1. Obtain a domain name that is associated with the sending SMTP client.
  2. Perform a DNS lookup of:
    QNAME = _client._smtp.<name>
    where <name> is associated with the host attempting to obtain service as an SMTP client.
  3. If there is no SRV RR matching this QNAME, the CSA information is Unknown; otherwise at least one CSA record exists.
  4. If there is a matching QNAME:

    Target addresses MAY be returned in the Additional Data section, or a query for address records of the target name may be needed to determine the associated address(es). This MAY be used to satisfy the authentication function specified in Certified Server ValidationCrocker, D., Otis, D. and J. Leslie, Certified Server Validation (CSV), February 2005.[ID-CSV].

    Examine Priority, Weight, and Port, to assess whether the client address is authorized as an SMTP client.

Weight equal to 2 indicates that any client with a valid claim to that EHLO string is authorized to send email. When Weight equals 2, the receiving SMTP server SHOULD check whether the source IP address of the connection is contained in a response (whether returned as Additional Info by the SRV query or returned by a separate address lookup). If it is not, then the sending SMTP client is NOT authorized when failing the address check.

When Weight equals 1, the sending SMTP client is NOT authorized, regardless of whether its IP address is included in the response.

When Weight equals 3, the sending SMTP client may or may not be authorized, whether or not its IP address is included in the response (but the EHLO name is authorized, if the receiving SMTP server can find some other way to authenticate its right to use that EHLO name).

If the sending SMTP client[ID-CSV]Crocker, D., Otis, D. and J. Leslie, Certified Server Validation (CSV), February 2005. is both authenticated and authorized (with Weight equal 2 and the IP address matching), CSA processing is successful, and the receiving SMTP server can treat messages arriving in this SMTP session as authorized by the EHLO domain administrator.

Otherwise, caution is required. The receiving SMTP server might:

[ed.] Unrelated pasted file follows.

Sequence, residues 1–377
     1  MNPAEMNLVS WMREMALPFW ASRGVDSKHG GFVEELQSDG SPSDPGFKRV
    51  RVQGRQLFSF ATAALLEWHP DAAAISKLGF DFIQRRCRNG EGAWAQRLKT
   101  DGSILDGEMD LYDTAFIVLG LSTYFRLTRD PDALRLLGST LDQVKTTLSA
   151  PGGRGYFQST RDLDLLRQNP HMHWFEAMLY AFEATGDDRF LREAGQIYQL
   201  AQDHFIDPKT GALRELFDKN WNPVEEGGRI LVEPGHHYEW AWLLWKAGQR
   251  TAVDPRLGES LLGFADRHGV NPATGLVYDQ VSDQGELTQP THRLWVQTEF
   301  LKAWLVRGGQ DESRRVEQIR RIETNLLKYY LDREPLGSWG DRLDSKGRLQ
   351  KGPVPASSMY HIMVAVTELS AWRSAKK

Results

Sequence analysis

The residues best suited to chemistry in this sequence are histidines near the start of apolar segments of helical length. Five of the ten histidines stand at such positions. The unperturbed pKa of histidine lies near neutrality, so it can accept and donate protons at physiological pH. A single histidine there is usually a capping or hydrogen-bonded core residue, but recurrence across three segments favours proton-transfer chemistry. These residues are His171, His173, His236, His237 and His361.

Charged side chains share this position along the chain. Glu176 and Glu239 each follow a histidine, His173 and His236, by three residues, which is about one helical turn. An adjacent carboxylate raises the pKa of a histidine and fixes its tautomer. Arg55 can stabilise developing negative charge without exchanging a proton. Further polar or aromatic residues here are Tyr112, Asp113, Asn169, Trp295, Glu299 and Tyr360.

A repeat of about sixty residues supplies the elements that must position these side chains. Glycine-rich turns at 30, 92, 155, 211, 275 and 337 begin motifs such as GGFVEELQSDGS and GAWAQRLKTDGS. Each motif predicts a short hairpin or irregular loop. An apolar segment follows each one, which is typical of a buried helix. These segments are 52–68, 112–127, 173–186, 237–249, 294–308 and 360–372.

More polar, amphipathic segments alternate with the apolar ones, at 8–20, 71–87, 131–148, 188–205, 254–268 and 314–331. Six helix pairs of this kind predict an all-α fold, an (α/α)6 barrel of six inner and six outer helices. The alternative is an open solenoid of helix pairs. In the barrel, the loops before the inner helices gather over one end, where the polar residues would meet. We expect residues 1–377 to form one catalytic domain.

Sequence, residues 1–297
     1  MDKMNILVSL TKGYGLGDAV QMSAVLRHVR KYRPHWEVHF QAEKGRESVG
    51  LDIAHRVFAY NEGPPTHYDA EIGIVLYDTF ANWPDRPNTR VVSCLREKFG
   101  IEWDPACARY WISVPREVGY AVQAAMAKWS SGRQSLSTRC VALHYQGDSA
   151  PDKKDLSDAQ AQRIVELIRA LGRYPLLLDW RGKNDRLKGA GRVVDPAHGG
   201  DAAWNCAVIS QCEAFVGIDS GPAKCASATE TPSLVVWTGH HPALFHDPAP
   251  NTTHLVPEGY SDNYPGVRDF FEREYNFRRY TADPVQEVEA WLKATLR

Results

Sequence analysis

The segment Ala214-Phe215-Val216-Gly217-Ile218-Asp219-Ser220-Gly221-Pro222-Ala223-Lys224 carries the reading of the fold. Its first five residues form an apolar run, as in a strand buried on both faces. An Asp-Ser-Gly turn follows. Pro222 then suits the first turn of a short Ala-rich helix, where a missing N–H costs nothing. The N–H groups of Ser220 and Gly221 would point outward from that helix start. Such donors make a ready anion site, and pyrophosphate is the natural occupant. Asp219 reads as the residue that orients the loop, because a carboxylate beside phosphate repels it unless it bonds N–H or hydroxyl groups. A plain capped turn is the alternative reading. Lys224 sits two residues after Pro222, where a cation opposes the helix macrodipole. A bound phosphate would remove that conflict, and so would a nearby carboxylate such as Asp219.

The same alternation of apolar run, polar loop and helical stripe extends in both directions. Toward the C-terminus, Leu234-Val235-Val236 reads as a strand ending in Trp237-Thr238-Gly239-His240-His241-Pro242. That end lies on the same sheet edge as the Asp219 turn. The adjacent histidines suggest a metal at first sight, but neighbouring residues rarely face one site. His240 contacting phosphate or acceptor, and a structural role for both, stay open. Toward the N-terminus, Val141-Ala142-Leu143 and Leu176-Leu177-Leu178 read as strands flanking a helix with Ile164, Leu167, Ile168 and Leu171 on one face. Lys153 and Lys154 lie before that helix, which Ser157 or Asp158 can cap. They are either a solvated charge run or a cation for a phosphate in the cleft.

- Generate an SMTP session error, as suggested below.

- Mark the message, to indicate that it failed validation.

- Place the message into a special queue, for separate handling.

For the Unknown case, in which there is no SRV RR, the receiving SMTP server's local policy MAY test whether the domain name, from the HELO/EHLO announcement, is part of a domain that makes an EXPLICIT assertion, as described in Section 5.

When a CSV related session error is generated, a 550 error code SHOULD be used and enough information SHOULD be provided in the reply text to facilitate debugging of the sending system.


5. Client SMTP Authorization SRV Record

The SRV CSA Record has the following contents:


Domain name asserted in SMTP EHLO announcements.
(These first three fields become the QNAME _client._smtp.Name.)
Standard DNS meaning [RFC1035]Mockapetris, P., Domain names - implementation and specification, November 1987..
Standard DNS meaning [RFC1035]Mockapetris, P., Domain names - implementation and specification, November 1987.. SRV-CSA records are only defined for the IN Class.
The intended use of [RFC2782]Gulbrandsen, A., Vixie, P. and L. Esibov, A DNS RR for specifying the location of services (DNS SRV), February 2000. SRV records was to aid discovery and selection of servers by prospective clients. Implementing this client authentication mechanism for the server, the Priority, Weight, and Port fields are no longer used for either discovery or selection. Thus only one SRV-CSA record is needed and these three fields are assigned different meanings. Priority defines the revision level of this mechanism starting at 1.
Weight is a group of bit-fields, as follows:

Bit Value Meaning
1 Ignore Target: The domain name in the Target field is a placeholder, and any IP addresses it resolves to MUST NOT be used for authentication.
2 Authorized: Any host with a valid claim to this name is authorized to send mail.
- Other bit values are reserved for expansion and must be set to zero.
 Authorization Weight Bit Values 

The resulting unsigned integer values for weight are:

Summed Value Meaning
0 Should not be used, but MAY be interpreted as the summed value 1.
1 No mail should be coming from clients with this name.
2 Clients with this name are authorized to send mail.
3 Clients with this name are authorized to send mail, but IP addresses associated with the Target field MUST NOT be used for authentication.
 Authorization Weight Summed Values 

This field allows the domain administrator to declare assertions which apply to all names within the domain, including those names not present in the DNS. At present, only one assertion in the Port field is defined, as follows:

Assertion Bit Value Meaning
1 Explicit: All authorized names have specific CSV-CSA records.
- Other bit values are reserved for expansion and must be set to zero. This range of values should be ignored by the recipient when their function is unknown.
 Assertion Values